One of these policies, most visible and controversial, is cutting tax rates in order to stimulate steady economic growth. This policy was not invented by neocons, and it was not the particularities of tax cuts that interested them, but rather the steady focus on economic growth. Neocons are familiar with intellectual history and aware that it is only in the last two centuries that democracy has become a respectable option among political thinkers. In earlier times, democracy meant an inherently turbulent political regime, with the "have-nots" and the "haves" engaged in a perpetual and utterly destructive class struggle. It was only the prospect of economic growth in which everyone prospered, if not equally or simultaneously, that gave modern democracies their legitimacy and durability.

-snip-

(Excerpt) Read more at weeklystandard.com ...


TOPICS: Constitution/Conservatism; Extended News
KEYWORDS: irvingkristol; liberalagenda; neocon; neocons; neoconservative
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Suddenly, after two decades during which "imperial decline" and "imperial overstretch" were the academic and journalistic watchwords, the United States emerged as uniquely powerful. The "magic" of compound interest over half a century had its effect on our military budget, as did the cumulative scientific and technological research of our armed forces. With power come responsibilities, whether sought or not, whether welcome or not. And it is a fact that if you have the kind of power we now have, either you will find opportunities to use it, or the world will discover them for you.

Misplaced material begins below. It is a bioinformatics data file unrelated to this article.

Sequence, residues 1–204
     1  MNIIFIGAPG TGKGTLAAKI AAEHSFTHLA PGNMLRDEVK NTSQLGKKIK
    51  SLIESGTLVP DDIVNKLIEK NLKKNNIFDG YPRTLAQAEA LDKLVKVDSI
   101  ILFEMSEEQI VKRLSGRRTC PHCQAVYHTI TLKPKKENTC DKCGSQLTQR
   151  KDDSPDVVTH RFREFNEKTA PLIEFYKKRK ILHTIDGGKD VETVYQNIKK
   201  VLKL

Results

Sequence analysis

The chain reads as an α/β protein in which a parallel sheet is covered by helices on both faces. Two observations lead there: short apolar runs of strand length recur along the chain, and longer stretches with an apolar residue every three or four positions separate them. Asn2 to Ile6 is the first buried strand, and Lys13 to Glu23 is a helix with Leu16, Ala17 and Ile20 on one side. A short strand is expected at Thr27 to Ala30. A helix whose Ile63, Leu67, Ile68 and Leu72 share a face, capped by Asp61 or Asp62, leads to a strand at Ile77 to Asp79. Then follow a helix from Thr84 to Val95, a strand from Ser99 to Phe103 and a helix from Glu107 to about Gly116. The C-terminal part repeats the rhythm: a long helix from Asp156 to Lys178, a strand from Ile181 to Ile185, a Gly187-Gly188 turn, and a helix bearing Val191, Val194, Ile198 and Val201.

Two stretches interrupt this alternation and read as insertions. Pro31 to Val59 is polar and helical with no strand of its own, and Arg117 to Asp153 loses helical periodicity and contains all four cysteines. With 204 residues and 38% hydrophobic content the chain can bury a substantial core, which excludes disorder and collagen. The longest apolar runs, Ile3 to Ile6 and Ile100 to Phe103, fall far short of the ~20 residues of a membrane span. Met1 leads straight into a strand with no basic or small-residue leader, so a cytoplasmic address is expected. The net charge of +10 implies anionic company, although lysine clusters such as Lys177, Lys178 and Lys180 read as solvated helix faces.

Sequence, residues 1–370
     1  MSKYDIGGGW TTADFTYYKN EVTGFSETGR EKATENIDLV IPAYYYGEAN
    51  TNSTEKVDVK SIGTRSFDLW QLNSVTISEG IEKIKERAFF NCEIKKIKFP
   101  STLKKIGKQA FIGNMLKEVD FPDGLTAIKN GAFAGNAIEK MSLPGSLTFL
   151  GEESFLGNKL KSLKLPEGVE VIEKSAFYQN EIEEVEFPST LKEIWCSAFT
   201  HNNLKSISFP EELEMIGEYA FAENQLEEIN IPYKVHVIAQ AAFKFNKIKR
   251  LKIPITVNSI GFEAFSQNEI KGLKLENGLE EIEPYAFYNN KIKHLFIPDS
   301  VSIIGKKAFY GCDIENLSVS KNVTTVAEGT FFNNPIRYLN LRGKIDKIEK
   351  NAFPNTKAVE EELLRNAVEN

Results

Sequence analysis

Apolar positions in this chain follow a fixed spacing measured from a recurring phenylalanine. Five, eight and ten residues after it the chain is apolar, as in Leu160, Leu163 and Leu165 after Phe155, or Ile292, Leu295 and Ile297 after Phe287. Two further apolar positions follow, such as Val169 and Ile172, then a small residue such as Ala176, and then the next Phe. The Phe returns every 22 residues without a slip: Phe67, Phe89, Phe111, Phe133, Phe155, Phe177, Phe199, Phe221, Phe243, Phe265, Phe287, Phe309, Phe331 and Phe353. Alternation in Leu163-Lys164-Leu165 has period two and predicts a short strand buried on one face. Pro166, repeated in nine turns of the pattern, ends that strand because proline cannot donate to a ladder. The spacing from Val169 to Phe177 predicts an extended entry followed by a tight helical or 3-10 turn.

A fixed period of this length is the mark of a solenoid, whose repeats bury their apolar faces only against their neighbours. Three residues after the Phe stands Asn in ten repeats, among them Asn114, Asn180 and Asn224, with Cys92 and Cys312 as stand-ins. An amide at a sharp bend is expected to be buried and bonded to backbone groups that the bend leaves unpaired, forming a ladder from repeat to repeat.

The older, traditional elements in the Republican party have difficulty coming to terms with this new reality in foreign affairs, just as they cannot reconcile economic conservatism with social and cultural conservatism. But by one of those accidents historians ponder, our current president and his administration turn out to be quite at home in this new political environment, although it is clear they did not anticipate this role any more than their party as a whole did. As a result, neoconservatism began enjoying a second life, at a time when its obituaries were still being published.

Of course, I expect the paleocons to have their usual conniptions over this article.

1 posted on 08/14/2003 9:38:28 PM PDT by quidnunc
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To: quidnunc
bump
2 posted on 08/14/2003 9:43:45 PM PDT by Tredge
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To: quidnunc
PS: The first mope who equates neoconservatives with Trotskyites loses.
3 posted on 08/14/2003 9:48:00 PM PDT by quidnunc (Omnis Gaul delenda est)
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To: quidnunc
Little William must have slipped the old man some viagara cuz it seems he has "got it up"! ;)
4 posted on 08/14/2003 9:51:29 PM PDT by Brian S
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To: quidnunc
It is not a "movement," as the conspiratorial critics would have it. Neoconservatism is what the late historian of Jacksonian America, Marvin Meyers, called a "persuasion," one that manifests itself over time, but erratically, and one whose meaning we clearly glimpse only in retrospect.

Hmmmmm.... Kristol makes it sound like some kind of transgendered "alternative lifestyle".